Sea Angling

With a spacious aft deck Tor Mór is ideal for fishing. Donegal’s waters have some of the best fishing and angling available. There is a wealth of reefs and wrecks in the local area with a variety species including:

Mackerel, Haddock, Ling, Pollock & Wrasse, as well as Blue Shark in season from Mid-July to Mid-September and the possibility of Blue Fin Tuna from Mid-Sept to November.

Rods and Tackle are provided free on board.

SCUBA Diving

Donegal enjoys some of the clearest waters in Western Europe and outstanding underwater geographic features with rock faces, gullies and boulders fields.

Sight Seeing

Within easy access are; Sliabh a’ Thuaidh, with one of the countries largest Grey Seal colonies, Sea Stacks An Tor Mór and Gúb an Diabhail, and Ráthlin Ó Beirne island.

The Deep-vee hull provides a safe, smooth ride and easy planing. It has good load carrying capacity and is ideally suited to rough conditions; with good stability and excellent handling.

The comfortable cabin can provide shelter from the worst of the elements. There is a fridge and micro-wave provided that can be used to reheat food, though you must provide this yourself. Toilet facilities are available on board.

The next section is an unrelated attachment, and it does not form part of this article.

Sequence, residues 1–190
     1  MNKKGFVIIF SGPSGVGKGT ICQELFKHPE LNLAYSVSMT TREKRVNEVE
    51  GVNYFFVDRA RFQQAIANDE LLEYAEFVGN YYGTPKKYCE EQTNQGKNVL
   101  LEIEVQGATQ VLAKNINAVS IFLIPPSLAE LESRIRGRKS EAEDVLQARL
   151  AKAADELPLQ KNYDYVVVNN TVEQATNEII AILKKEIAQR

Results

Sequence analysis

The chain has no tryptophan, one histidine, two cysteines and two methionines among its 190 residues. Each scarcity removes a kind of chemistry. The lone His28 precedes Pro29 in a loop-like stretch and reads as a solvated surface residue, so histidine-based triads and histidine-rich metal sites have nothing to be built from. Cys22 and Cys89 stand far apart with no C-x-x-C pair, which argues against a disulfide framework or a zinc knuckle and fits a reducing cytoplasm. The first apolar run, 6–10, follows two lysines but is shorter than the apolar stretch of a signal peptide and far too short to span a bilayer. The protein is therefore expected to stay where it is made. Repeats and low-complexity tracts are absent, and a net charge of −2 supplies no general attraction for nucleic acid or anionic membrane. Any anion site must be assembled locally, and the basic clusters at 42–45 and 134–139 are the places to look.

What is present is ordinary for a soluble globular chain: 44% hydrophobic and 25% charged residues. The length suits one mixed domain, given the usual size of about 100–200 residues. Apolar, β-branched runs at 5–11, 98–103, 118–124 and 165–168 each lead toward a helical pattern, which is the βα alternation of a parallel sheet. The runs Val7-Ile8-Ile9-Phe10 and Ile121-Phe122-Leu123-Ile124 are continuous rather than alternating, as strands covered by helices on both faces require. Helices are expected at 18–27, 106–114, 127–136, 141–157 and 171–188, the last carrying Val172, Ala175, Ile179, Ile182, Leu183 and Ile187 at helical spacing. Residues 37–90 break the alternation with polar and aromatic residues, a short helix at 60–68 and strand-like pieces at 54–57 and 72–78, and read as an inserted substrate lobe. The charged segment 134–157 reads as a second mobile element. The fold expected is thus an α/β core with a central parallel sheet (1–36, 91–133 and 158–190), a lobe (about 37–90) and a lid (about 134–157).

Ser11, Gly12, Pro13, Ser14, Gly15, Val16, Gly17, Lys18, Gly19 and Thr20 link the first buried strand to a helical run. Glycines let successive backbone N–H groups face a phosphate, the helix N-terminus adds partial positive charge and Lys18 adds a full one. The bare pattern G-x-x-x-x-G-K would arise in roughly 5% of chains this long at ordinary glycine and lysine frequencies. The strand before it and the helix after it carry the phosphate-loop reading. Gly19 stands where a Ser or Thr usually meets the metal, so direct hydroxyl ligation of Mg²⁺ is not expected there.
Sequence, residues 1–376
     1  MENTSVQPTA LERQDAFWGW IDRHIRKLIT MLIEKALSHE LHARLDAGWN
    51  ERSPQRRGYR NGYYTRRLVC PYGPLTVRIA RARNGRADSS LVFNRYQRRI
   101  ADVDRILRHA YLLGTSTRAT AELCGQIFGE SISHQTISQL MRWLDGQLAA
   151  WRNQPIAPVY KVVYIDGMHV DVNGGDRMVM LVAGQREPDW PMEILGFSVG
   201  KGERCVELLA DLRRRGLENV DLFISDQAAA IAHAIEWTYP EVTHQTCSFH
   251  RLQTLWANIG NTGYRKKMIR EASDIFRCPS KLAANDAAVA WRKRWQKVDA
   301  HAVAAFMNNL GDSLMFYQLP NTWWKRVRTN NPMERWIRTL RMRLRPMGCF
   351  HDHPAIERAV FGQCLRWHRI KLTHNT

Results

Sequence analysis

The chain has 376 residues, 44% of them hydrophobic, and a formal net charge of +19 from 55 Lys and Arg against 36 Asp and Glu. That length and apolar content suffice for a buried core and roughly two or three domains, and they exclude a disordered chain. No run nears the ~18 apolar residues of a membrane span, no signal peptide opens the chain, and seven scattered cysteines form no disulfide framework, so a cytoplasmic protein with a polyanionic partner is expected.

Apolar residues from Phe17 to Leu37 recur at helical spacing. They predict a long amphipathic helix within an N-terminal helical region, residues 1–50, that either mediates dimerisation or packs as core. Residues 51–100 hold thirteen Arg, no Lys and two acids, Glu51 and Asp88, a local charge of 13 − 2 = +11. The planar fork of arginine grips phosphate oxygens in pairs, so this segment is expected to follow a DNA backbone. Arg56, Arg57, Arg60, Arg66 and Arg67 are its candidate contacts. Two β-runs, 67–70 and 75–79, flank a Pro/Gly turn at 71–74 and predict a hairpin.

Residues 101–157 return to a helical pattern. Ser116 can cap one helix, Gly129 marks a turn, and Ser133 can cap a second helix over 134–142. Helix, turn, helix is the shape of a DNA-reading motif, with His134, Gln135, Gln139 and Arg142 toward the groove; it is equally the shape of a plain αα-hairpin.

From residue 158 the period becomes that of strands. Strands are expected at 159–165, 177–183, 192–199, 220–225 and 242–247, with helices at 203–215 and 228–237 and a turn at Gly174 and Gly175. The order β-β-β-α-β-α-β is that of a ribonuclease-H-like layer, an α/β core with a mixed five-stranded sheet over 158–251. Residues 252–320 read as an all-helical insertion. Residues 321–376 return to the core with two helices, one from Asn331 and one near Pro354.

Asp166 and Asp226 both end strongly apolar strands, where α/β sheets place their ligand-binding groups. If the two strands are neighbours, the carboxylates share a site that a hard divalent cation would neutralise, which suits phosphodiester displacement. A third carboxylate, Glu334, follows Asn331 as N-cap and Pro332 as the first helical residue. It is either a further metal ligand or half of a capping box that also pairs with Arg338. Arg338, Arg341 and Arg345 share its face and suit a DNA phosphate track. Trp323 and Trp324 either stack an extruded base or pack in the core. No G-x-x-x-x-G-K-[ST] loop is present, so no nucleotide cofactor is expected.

Tel: +353 (0) 87 2458514
Email: tormorcharterboat@gmail.com
Web: http://www.tirconnellcharters.com

Fishing on the Owenea

The Owenea River runs for some 13 miles, draining Lough Ea in the west of the Croaghs, into Loughrosmore Bay at Ardara. The Owenea is primarily a spate river taking around one to two days to run off after a good flood. The season on the Owenea runs from 1 April to 30 September.

The Owenea is one of the best salmon rivers in the county. The river has a run of spring salmon, grilse, sea trout and has a resident stock of small brown trout. The fishery consists of nine beats on the bottom eight miles of the river with good pools spread throughout the whole river. The river has a lot of nice fly water with the majority of fish being caught by this method. When in condition the river is one of the best in the country for grilse. The main grilse run starts in July with salmon right to the end of the season.

The fishery has access for disabled anglers along a section of beat 3. There is an ongoing programme of maintenance and upgrading of access, angling structures, habitat restoration etc. Additional funding was obtained from Fáilte Ireland in 2007 to improve facilities and access for anglers on the river.